Chapter 4, p. 103
What does 40 CFR Part 87 address?
The sections within this part deal with setting limits on exhaust emissions of smoke from aircraft engines, ban venting of fuel emissions into the atmosphere from certain types of aircraft engines, and require the elimination of intentional discharge to the atmosphere of fuel drained from fuel nozzle manifolds after engines are shut down.

Chapter 4, p. 106
Why is the accident rate a better measure of safety than accident counts are?
Because accident counts by themselves cannot be reliably used to measure relative safety among organizations and their products. For this reason the accident rate, which is the number of accidents divided by some common base variable (flight hours, departures, miles flown) is a more valid indicator of relative safety than just accident counts.

Chapter 5, p. 111
Discuss some of the issues to be aware of in analyzing and comparing commercial aviation accident statistics.
The fact is that not many statistics can be compared straight across the board. Small aircraft statistics cannot be compared to those of larger aircraft. Aircraft that have accidents while on long hauls over the ocean cannot be compared to aircraft that had accidents on take off or landing. General aviation accidents cannot be compared to commercial aviation accidents, and so forth. So when comparing accident statistics, it is important to remember that they can only be compared to similar type statistics which fill the same criteria.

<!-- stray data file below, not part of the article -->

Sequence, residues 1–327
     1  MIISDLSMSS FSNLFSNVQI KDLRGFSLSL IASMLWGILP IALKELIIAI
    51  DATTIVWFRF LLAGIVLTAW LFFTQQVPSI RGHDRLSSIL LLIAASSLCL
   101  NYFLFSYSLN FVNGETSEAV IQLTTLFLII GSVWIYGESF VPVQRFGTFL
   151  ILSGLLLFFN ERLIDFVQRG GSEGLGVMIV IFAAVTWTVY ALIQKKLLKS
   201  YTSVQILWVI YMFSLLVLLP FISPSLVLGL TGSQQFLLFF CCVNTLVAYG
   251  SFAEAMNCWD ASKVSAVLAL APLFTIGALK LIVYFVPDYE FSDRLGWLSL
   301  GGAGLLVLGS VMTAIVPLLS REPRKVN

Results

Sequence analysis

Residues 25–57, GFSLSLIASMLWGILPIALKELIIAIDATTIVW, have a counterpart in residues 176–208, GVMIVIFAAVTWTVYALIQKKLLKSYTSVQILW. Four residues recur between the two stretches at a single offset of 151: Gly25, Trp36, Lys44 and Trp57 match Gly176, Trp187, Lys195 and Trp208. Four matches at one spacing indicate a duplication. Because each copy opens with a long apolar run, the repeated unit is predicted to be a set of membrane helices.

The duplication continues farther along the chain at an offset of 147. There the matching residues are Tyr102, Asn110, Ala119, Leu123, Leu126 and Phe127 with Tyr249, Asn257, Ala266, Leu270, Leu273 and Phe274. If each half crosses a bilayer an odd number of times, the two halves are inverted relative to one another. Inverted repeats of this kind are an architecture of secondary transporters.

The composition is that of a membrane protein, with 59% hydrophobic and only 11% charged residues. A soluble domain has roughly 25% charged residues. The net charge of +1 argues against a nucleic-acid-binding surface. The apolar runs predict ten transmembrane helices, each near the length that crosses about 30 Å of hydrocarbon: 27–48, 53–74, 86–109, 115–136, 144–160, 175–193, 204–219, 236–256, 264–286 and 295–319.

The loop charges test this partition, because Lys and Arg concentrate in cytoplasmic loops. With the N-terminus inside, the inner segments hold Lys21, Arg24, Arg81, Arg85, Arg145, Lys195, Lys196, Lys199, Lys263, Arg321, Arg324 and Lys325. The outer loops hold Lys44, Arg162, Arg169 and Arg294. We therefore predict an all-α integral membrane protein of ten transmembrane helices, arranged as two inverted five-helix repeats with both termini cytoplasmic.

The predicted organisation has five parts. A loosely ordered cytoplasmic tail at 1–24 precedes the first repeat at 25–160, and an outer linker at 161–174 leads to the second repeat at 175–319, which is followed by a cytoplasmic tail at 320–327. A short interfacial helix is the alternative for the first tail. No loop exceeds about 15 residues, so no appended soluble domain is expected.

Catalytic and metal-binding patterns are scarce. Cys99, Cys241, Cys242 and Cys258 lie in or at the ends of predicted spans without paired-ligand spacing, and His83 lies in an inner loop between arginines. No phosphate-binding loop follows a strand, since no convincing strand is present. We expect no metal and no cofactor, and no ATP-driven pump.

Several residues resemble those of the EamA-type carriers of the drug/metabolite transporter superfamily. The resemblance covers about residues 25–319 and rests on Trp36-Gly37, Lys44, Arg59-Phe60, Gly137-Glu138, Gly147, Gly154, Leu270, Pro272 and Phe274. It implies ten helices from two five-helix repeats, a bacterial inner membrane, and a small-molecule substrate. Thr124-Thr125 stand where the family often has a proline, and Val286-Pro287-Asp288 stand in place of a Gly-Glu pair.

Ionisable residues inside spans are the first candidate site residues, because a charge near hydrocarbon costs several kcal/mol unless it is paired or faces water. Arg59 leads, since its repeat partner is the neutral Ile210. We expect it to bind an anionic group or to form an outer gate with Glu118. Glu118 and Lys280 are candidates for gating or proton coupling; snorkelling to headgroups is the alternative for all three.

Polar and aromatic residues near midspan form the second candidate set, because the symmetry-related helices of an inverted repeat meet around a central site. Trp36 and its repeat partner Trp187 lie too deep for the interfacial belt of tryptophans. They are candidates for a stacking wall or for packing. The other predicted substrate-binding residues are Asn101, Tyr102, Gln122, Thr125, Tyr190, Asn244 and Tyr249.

Chapter 5, p. 111
What are hull-loss accidents and what are their primary cause? Describe the hull-loss accident trend since the early 1970's.
A hull loss is defined as airplane damage that is beyond economic repair (p. 111), and studies show that accidents involving hull losses has been fairly stable for the past 35 years (p. 114).
What is the most critical phase of flight? What are some lessons that can be learned from the Boeing summary?
It goes without saying that takeoffs and landings are the riskiest phases of flight where most accidents occur (p. 111), and from the Boeing summary we can see that if control limits are applied to the data involving all accidents including hull losses, the jet airplane transportation process has been under statistical control for a number of years. However, even if this low accident rate remains constant over the next few years, we can expect to see an increase in the actual number of hull loss accidents each year as the fleet increases in number of departures (p. 114).
Describe the general trend in aviation accidents during the 1980's, 90's and 2000s.
1980's - p. 124
1990's - p. 127
2000's - p. 131
Discuss future ICAO safety concepts and programs under the Global Aviation Safety Plan.
The ICAO developed the GASP and published 12 Gloabal Safety Initiatives in 2007 which were used as working tools to enhance international aviation safety where needed the most. In October 2010 the ICAO adopted two specific resolutions, the ICAO Audit Programme (USOAP) and the ICAO Global Planning for Safety (Resolution A37-4).

Chapter 5, p. 135
Why do we model accidents?